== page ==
If that’s not enough, I should also mention that there are MANY other awesome features of Textivate that I have not covered in this article, such as use of Trap door activities, listening comprehension and parallel texts, which you may be interested in if you like the Knowledge Organiser parallel text method. These would all require an entire blog post each, so I recommend consulting Textivate’s user guides for more info on these. http://textivate.posthaven.com/user-guides-1

Please comment below if you’d like to share your thoughts on Textivate, my suggestions or other ways in which you exploit this great tool.

If you liked this post, you may also enjoy learning about 9 uses of Quizlet for MFL

References:

McColl, Hilary (2000) Modern Languages for All. Abingdon: Routledge.

Smith, Steve (2017) Becoming an Outstanding Languages Teacher. Abingdon: Routledge.

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9 ways to use Quizlet in MFL teaching

9 ways to use Quizlet in MFL teaching

Before we jump in, here is a brief intro to Quizlet which you can skip over if you’re already well acquainted with it…

What is Quizlet?

Quizlet is a popular website and app for any device to access and practise ‘study sets’ on ‘every conceivable subject and topic’ (https://quizlet.com/en-gb/mission) It already has 50 million monthly learners. It is often used for independent study as a revision resource, or can be used in class with the game ‘Quizlet Live’. Its activities allow MFL students to practise spelling, listening and reading in a range of different ways. Most words and phrases that you will be teaching in your language are already uploaded to Quizlet with audio! You can find many ready-made vocab lists on their, or upload your own (which can be done VERY speedily – see below!).

Should I use the free version or pay for ‘Quizlet Teacher’?

Personally, I think you can do so much without buying a subscription – you can do 8 out of the 9 of the activities mentioned on this post using the free version. One big advantage of the paid version is that it allows your students to ‘join’ their ‘class’, where you can track their progress.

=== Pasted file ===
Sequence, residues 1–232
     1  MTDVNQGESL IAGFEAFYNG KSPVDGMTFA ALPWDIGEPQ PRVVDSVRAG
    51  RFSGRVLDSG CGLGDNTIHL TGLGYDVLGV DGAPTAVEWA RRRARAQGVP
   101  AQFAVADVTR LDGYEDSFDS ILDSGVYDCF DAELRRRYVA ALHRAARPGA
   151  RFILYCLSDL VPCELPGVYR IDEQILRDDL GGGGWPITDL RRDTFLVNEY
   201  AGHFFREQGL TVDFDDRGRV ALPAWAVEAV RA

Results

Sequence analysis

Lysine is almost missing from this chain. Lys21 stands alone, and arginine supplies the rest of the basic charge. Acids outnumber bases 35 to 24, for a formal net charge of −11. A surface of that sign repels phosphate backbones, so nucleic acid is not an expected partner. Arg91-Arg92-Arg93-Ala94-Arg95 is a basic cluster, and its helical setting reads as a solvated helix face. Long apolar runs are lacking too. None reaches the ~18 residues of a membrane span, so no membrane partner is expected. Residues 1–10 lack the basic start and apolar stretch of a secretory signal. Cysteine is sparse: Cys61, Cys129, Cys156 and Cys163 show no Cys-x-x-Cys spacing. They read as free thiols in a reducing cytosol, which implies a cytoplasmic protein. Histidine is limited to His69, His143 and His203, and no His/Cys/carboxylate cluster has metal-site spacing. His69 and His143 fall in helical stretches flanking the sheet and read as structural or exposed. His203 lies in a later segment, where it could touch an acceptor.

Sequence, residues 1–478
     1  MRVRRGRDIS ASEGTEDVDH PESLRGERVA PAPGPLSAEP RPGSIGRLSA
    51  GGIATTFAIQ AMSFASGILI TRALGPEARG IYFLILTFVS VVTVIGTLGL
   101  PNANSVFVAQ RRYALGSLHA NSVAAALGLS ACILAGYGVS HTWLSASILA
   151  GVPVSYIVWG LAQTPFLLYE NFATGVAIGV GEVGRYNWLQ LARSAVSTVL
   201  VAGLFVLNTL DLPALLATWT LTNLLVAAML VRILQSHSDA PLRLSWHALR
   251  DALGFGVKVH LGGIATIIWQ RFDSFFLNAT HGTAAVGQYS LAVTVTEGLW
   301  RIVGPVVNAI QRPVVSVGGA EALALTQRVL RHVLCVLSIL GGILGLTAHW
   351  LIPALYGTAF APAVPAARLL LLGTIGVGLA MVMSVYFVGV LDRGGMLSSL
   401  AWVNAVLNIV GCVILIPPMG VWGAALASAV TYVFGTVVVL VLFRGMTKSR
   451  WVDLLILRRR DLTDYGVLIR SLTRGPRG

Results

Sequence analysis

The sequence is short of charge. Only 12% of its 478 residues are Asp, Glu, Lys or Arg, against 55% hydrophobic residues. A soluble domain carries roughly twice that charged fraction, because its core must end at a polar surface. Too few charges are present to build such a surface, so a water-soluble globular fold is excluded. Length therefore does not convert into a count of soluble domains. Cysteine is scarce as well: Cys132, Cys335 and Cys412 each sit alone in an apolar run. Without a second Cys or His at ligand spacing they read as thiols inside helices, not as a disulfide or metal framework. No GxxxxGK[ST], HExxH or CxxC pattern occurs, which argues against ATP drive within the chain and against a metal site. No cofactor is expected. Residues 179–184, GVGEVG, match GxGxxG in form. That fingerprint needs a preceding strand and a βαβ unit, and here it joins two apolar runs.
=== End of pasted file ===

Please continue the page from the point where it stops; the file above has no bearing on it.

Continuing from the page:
How can I put my vocab lists on Quizlet?

The quickest way is to use the ‘import’ tool on Quizlet when you create a study set. Open the document on your computer that contains your vocab list, select all, copy and paste into Quizlet. You can adjust which symbol represents the space between the two languages on your list, depending on how your document is formatted, to ensure it copies it in correctly. If you don’t have a list to hand, you can very quickly make one by inserting two-column table in a word doc, typing in the items, then copying and pasting into Quizlet. You can find YouTube tutorials if you need further help.

9 ways to use Quizlet in MFL

1. Matching worksheets / multiple-choice worksheets
A classic matching worksheet can be a great lesson starter to settle students and introduce a new set of vocab in chunks.
Read about the benefits teaching vocab in chunks here:
https://frenchteachernet.blogspot.com/2019/02/the-curse-of-single-word-vocab-learning.html
https://gianfrancoconti.com/2017/05/21/why-you-should-ditch-word-lists-and-traditional-grammar-rules/
To make one, go to your chosen study set –> test –> print test –> change the options to tick matching items only or multiple-choice if you prefer.
Exploit this activity further by doing some reading aloud with choral repetition to drill pronunciation, or do a ‘vocab hunt’ – a list of English words on the board that students need to find in the TL on the sheet.



2. Flashcard oral repetition
Once you’ve created a study set, use the ‘flashcards’ tool to do some choral repetition, modelling pronunciation. Clare Seccombe of changing-phase.blogsplot.com and Steve Smith of frenchteachernet.blogspot.com both offer different ways of making this activity fun:
varying the repetition
saying the word in different ways
different groups in the class repeating – rows, boys, girls, individuals
whispering
shouting (!)
etc.
Managed well and done in small doses, it can be a great intro to new words. To avoid guesswork or ambiguity, switch the top and bottom flashcard for students to see the English first (a little bit à la Michaela School). Turn off audio and use your own voice to model pronunciation, otherwise it can sound a bit robotic, and you also have to listen to the English voice!



3. ‘THIS OR THAT?’ listening with L1 flashcards
One of my favourite short and snappy activities for consolidating vocab that students have just seen.
a) Go to ‘flashcards’ and make sure the L1 flashcard is appearing on top (you can use the options button to adjust this)